Welcome

The purpose of the organization is to unite sugarbeet growers in the United States and promote the common interest of state and regional beet grower associations, which include legislative and international representation and public relations.

Our members associations represent 10,000 family farmers in all 11 producing states (California, Colorado, Idaho, Michigan, Minnesota, Montana, Nebraska, North Dakota, Oregon, Washington, Wyoming). The Board of Directors donate their time and talents to ASGA in order to represent their growers' interests in maintaining a strong, profitable, efficient and productive industry. They and their fellow farmers are dedicated to supplying a portion of the consumer's sweetener needs. It is a challenge and responsibility that they take seriously and proudly accept.

Annual Meeting

SAVE THE DATES !

Feb 6-8, 2020
Orlando, FL

Disney FastPasses:

These partial-day and multi-day tickets are not available for purchase at our Theme Park Ticket Windows, ASGA attendees will need to purchase them through this custom website or in advance through our Disney Ticket Reservation Center at 407-566-5600.

National Bioengineered Food Disclosure Standard

The National Bioengineered Food Disclosure Law was enacted on July 29, 2016. The statute requires the Secretary of the United States Department of Agriculture to create a final rule implementing a disclosure standard for bioengineered food. On May 4, 2018, the United States Department of Agriculture’s Agricultural Marketing Service published a proposed rule to implement a disclosure standard. The U.S. Beet Sugar Industry filed comments on July 3, 2018 in response to the proposed rule for the National Bioengineered Food Disclosure Standard (Disclosure Standard). In our comments, we urged USDA to exclude refined ingredients, including refined sugar, from the scope of the Disclosure Standard. We also wrote that, “Creating any presumption, even unintentionally, that beet sugar produced from transgenic sugarbeets is different or less desirable than its conventional counterparts or cane sugar is not supported by science.

A Comparative Analysis of Conventional, Genetically Modified (GM) Crops and Organic Farming Practices and the Role of Pesticides in Each

April 2019

The American public has the right to choose what type of food to eat from the three agricultural production categories, organic, conventional or GM-based food crops, all of which are sustainable. This paper was developed to help consumers understand the specifics behind food production so that their choice is based on facts, not fear or misconceptions stemming from partial information or inconclusive evidence. There are some differences in farming practices among conventional, GM and organic farming methods but there are many practices in common.

Key Takeaways From This Study:

  • Food products from conventional, GM crops and organic production practices are safe and are all highly regulated by various government agencies.
  • Consumers have a variety of healthy and fresh food options from among the three production methods (conventional, GM or organic products) and should feel free to choose foods from among these different production strategies without social stigma or health concerns.
  • Consumers are often willing to pay vastly higher prices for organic products even though they are not categorically more nutritious, healthier or better for the environment than their conventional or GM counterparts.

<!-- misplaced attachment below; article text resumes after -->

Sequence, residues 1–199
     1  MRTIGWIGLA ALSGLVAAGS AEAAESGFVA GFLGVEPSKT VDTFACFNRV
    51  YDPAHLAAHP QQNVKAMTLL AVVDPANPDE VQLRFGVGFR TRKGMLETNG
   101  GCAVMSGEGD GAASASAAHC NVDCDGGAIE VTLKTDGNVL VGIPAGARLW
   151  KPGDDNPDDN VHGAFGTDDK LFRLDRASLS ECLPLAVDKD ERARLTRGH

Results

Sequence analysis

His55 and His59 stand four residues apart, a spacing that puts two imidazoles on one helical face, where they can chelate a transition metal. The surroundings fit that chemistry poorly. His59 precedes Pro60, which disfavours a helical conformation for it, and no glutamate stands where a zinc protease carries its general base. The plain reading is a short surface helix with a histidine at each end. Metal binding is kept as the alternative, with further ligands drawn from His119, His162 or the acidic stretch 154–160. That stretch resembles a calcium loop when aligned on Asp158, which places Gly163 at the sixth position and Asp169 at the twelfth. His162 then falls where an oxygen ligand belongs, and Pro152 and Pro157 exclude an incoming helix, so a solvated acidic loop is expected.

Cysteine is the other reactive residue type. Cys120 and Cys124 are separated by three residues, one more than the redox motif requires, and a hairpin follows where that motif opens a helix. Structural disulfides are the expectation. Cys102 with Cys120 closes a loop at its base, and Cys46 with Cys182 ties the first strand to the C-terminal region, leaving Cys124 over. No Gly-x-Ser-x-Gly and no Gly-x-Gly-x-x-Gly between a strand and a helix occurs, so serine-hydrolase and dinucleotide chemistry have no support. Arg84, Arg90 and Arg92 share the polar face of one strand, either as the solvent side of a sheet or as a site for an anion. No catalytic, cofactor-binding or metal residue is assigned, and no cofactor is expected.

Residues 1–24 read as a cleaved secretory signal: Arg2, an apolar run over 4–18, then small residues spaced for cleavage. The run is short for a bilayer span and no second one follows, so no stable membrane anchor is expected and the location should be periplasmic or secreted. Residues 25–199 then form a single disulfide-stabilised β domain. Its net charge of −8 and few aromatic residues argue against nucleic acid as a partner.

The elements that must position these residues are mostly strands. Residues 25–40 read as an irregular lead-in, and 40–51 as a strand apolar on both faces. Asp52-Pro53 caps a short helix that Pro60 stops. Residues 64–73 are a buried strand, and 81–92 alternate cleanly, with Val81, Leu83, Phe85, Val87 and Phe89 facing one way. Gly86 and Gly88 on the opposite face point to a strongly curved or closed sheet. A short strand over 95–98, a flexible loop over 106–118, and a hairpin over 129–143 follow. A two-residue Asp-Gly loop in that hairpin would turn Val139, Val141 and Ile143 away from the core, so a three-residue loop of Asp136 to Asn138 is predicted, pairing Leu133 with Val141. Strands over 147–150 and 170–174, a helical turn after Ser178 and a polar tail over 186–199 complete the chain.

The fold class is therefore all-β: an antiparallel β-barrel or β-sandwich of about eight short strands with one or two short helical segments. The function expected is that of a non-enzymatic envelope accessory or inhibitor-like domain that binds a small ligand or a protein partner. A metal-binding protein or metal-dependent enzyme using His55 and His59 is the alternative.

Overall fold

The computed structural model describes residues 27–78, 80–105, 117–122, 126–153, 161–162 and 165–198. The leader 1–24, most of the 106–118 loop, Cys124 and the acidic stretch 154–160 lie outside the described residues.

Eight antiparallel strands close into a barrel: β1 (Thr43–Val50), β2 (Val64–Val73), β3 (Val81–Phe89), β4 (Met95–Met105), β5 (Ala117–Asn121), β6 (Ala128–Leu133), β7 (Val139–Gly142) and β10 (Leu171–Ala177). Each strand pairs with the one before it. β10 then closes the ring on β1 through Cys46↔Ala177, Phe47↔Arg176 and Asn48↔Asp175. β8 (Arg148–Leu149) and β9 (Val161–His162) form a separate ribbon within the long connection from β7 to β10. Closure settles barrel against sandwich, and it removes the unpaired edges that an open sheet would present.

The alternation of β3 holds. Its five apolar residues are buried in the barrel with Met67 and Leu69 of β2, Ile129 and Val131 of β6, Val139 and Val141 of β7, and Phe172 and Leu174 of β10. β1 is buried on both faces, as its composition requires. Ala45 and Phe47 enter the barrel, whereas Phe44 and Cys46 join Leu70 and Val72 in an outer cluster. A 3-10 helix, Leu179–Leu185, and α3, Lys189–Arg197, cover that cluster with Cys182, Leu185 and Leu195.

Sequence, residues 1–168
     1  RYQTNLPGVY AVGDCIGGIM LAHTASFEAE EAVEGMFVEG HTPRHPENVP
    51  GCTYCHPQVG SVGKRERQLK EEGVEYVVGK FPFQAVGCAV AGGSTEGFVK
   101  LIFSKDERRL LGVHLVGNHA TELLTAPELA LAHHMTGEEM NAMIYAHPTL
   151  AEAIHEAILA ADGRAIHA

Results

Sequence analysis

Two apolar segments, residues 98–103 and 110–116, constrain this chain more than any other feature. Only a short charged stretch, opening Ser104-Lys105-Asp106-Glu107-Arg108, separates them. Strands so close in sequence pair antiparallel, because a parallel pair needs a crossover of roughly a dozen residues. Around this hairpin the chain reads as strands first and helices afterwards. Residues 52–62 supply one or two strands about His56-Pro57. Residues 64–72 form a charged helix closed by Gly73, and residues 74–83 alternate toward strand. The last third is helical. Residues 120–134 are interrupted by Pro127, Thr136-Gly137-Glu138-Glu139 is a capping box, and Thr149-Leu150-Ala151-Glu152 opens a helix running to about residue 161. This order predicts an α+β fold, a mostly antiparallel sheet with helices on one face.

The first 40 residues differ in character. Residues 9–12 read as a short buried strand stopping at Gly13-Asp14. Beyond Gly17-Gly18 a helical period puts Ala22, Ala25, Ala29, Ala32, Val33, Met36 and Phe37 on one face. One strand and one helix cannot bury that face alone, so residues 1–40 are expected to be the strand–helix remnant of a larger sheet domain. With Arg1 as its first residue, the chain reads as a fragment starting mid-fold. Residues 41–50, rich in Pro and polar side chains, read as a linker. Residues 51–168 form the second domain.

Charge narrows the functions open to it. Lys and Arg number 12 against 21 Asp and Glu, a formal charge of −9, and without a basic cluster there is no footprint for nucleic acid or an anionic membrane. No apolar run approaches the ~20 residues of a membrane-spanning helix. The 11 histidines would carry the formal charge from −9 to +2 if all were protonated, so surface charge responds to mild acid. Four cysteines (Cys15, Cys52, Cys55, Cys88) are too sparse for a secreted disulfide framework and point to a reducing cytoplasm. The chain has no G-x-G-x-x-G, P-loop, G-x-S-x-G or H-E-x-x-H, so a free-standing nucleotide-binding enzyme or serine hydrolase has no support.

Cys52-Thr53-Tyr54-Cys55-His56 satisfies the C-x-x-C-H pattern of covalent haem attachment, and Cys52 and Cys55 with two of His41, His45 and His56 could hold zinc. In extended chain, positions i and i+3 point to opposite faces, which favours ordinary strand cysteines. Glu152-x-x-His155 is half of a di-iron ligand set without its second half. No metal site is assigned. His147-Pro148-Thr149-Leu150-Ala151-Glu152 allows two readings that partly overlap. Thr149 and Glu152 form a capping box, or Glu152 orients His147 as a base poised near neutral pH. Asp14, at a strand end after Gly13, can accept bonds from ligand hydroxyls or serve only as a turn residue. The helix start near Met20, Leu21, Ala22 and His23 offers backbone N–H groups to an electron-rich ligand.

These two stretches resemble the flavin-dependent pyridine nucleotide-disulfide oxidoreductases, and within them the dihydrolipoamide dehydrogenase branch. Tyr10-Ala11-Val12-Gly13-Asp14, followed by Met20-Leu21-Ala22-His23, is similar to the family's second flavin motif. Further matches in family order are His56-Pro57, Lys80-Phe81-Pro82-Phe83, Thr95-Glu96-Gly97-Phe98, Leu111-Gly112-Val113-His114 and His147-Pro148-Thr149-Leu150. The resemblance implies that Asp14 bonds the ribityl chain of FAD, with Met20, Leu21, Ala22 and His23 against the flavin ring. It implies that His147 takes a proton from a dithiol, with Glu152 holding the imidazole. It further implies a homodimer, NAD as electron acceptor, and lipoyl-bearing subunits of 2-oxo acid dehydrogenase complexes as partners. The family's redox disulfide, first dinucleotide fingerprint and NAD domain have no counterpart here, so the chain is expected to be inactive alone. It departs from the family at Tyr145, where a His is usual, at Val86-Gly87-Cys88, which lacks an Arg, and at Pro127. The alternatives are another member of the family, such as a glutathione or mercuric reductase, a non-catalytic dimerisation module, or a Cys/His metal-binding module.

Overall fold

• Many consumers’ preferences for organically produced foods are based on misconceptions about perceived benefits of organic foods compared to conventional or GM products.

In the News

The ASGA recently submitted comments describing how, with more research and technology, we can contribute more toward USDA’s overarching goal of the Agriculture Innovation Agenda to enable American agriculture to increase production by 40 percent by 2050 while cutting the environmental footprint of U.S. agriculture by 50 percent.

By Garry | August 4, 2020

The ASGA recently submitted the below comments describing how, with more research and technology, we can contribute more toward USDA’s overarching goal of the Agriculture Innovation Agenda to enable American…

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ASGA Board of Directors Elects New Officers

By asbchampions123 | February 13, 2020

Washington, DC – On February 5, 2020, Dan Younggren of Hallock, Minnesota was elected President, Nate Hultgren of Raymond, Minnesota was elected Vice President, and LaMar Isaak of American Falls, Idaho was elected Treasurer of the American Sugarbeet Growers Association (ASGA) for 2020. The ASGA represents approximately 10,000 growers in eleven producing states. The three were elected by ASGA farmer board members from across the country who gathered for the ASGA annual meeting in Orlando, FL.

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Colorado Sugarbeet Growers Association and American Sugarbeet Growers Association Statement for the Record

By asbchampions123 | January 23, 2020

We submitted the attached statement for the record for the January 9th hearing in the House Committee on Small Business entitled “Farming in the 21st Century: The Impacts of Agriculture Technology in Rural America.” …

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Agriculture Stakeholder Group Part 340 Letter

By Garry | August 7, 2019

On August 2, 2019, the ASGA was joined by several agricultural organizations in a letter to USDA in support of a science-based regulatory framework for plant breeding technology. Summary and…

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The New GMOAnswers.com

By Garry | April 22, 2019

With its refreshed site, GMO Answers continues to help visitors find better answers to their questions about agriculture, biotechnology and how our food is grown. As the conversation around GMOs…

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